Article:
Interesting prediction of the future market. I guess I would expect that the results will be different. I dont' expect windows, blackberry or others to do that good. There may be an Others that will do good, but it would have to be a break out.
Clearly there is a lot of demand in developing nations for low cost phones that can connect to the internet, but I'm curious how the data pricing tiers play into that. Is data not a premium service compared to voice in the developing world as it is in the industrialized nations?
The issue of the data plan cost has been one of the main discussions at the MWC. In most developing markets people use pre-paid cards, and data is very expensive to them. But most of them are using feature phones.
Facebook is working with Gemalto offiering basic FB experience on feature phones by special SIM cards with SMS packages. They want people to experience the social network and move to a smartphone, and carriers are happy to help to get new data customers. This model is already working in countries such as Morocco, Colombia and Chile.
But the data plan cost is not only an issue in developing markets. Here in Spain many people do not have a data plan for their smartphones, and try to connect only by wi-fi. Since basic free Wi-Fi is available in many cities they just jump from hotspot to hotspot and get a connection.
The above statement may be true. However, the original idea of having low cost computer is not only for studying and information sharing but also for learning programming. As of today, neither smartphone nor any tablet devices is the right platform to do so. Most apps are indeed developed on a computer (either Mac or PC) and download it to the device for testing before submitted to the store.
To fill the gap of learning programming, maybe, there should be an apps that link to a virtual platform of a programming language. ;)
cloud is the right answer to fill this gap. Today we are building and maybe testing apps on laptop, PC or servers but what if all the processor load can be shifted to cloud servers and a developer can just write the app on tablet and present it.
Low cost is preferable to entire geographical areas and market segments in the overall industry. I don't know that we'll ever see sub 100 dollar PCs, or what that would look like exactly, but the demand for it would be there if someone could afford to make it.
As the focus shifts to Cloud and a high spped network, there won't be any need for smart phones. The simple feature phones with a better display screen would be able to achieve the same perfromance what a smart phone of today would do.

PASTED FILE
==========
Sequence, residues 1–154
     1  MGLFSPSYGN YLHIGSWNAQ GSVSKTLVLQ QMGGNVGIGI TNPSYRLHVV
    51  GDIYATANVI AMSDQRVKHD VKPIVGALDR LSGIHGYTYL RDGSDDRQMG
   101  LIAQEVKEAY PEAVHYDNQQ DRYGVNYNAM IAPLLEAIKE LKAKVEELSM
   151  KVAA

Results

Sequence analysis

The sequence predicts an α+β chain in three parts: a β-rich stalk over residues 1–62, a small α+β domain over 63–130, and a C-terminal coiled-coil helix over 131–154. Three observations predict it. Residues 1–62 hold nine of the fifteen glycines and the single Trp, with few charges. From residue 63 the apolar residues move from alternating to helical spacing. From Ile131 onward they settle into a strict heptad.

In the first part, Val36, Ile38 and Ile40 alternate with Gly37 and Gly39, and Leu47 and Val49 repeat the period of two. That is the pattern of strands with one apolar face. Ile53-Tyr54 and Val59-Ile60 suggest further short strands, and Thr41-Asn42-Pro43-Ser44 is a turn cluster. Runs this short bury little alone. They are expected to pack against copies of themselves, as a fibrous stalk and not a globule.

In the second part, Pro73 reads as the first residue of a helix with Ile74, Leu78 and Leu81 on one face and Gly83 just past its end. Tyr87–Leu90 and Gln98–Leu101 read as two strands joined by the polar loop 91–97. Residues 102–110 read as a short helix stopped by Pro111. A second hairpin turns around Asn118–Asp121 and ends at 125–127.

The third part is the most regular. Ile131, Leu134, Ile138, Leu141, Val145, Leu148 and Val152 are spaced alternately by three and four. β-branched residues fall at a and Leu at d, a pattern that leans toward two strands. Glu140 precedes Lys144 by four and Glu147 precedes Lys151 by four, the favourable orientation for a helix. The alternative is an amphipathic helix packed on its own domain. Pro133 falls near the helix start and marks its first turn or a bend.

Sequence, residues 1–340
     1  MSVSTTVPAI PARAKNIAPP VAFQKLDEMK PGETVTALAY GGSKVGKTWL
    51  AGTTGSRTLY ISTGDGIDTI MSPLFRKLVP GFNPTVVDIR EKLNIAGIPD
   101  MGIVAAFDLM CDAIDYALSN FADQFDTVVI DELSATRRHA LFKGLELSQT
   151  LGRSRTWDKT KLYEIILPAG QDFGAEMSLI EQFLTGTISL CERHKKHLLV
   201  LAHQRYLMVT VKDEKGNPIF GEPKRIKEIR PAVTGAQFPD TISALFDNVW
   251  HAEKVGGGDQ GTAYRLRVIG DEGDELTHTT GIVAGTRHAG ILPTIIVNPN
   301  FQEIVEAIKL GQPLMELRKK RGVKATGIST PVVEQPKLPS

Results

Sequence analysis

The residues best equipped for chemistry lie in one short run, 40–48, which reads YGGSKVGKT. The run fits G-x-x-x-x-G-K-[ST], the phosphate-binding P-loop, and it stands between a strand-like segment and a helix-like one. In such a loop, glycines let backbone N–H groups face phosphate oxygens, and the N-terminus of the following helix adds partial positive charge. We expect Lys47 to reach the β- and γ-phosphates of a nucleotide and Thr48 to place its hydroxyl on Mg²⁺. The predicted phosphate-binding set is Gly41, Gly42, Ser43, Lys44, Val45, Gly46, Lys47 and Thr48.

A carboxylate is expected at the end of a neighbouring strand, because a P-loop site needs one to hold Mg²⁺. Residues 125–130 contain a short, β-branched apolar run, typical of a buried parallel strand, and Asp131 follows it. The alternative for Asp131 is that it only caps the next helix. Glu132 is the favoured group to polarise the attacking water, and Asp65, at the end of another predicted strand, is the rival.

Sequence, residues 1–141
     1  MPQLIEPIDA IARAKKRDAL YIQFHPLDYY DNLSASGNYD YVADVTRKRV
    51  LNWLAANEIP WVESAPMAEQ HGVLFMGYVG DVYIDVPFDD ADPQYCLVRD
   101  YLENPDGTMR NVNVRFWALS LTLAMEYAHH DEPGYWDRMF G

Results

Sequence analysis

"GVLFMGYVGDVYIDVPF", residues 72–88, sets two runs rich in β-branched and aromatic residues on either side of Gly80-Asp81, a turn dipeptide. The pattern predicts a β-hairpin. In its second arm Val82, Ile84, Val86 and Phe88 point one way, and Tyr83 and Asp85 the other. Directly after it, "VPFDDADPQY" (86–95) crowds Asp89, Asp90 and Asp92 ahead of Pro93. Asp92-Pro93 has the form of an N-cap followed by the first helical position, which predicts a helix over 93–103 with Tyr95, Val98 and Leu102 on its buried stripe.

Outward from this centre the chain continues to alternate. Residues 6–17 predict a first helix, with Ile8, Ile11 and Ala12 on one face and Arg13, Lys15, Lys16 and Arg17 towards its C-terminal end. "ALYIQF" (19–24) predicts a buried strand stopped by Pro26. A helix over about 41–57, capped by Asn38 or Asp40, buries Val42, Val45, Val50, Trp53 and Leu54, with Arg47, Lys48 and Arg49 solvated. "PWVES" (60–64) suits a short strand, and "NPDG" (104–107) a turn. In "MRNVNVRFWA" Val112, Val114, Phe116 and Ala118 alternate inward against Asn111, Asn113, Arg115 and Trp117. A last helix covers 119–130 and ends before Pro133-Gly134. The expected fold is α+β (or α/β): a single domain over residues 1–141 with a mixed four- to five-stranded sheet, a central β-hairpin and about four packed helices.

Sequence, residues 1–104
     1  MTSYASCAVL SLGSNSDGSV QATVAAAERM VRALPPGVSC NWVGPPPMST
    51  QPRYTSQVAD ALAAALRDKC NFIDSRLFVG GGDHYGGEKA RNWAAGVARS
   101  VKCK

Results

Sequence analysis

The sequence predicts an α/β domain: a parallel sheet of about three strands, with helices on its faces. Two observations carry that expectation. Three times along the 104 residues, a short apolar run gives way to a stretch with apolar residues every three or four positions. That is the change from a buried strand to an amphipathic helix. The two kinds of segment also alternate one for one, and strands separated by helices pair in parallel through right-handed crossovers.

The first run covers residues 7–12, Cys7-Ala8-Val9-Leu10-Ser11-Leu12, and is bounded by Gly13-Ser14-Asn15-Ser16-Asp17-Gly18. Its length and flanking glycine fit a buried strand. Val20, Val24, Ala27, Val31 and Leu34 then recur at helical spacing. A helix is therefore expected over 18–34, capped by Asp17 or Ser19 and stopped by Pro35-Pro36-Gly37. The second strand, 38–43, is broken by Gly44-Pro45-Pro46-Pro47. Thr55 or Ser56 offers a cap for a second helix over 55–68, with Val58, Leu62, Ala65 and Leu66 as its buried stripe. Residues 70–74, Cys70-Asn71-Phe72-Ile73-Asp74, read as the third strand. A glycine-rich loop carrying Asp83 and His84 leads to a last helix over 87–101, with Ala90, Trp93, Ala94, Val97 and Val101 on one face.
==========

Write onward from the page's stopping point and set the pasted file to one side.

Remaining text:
So Firefox seems to have this vision while bringing their $25 phone.
I would think that as the cloud expands and develops the need for smartphones of a variety of calibers will also assert itself more and more. But that's not a real certainty. The cloud throws the entire smartphone market for a loop--it makes everything sort of questionable.
The challenges are both technical & economic. As you said, there is the need for the wireless bandwidth to handle large numbers of users, but there is also the issue of the cost for them to use that bandwidth.
The concept of a very low-cost phone that relies heavily on the cloud is somewhat at odds with the availability & cost of using the cloud in developing nations. To some degree, it is an example of putting the cart before the horse.
@Anand, that's a good question. I don't know what's going on with Windows phone, but as long as Android phones are concerned, that's exactly where they need to go if they are to proliferate in what used to be the feature phone terrritory.
JMO: I would say that Android phones will keep getting cheaper because there are so many competitors. Microsoft has to drop prices to compete with Android or their market share goes pffft. Apple can keep coming out with new models with incremental improvements and charge the same high prices, and their fans customers will keep coming back because you're not "cool" unless you have the latest model. The fact that they cost more makes them "cooler".
I don't get why the big wow is about. Yes firefox uses lower memory, but the difference between that and a low end android phone(256MB ram and extra 2GB) is less than $5(according to DramExchange). Assuming the $25 is BOM we're talking about less than 20% difference.
Also, previous versions of android we're targeted at low memory and there are many apps highly optimized for low resources. For example opera mini(which is so light it can even run on feature phones), and FB plus for facebook, a facebook app that takes only 121k, Not forgetting the huge app ecosystem android have which some of it could be usefull for these phones.
So until a decent comparison is made between FirefoxOS and a well optimizised low end android phone, i prefer to stay skeptical.
What are the engineering and design challenges in creating successful IoT devices? These devices are usually small, resource-constrained electronics designed to sense, collect, send, and/or interpret data. Some of the devices need to be smart enough to act upon data in real time, 24/7. Specifically the guests will discuss sensors, security, and lessons from IoT deployments.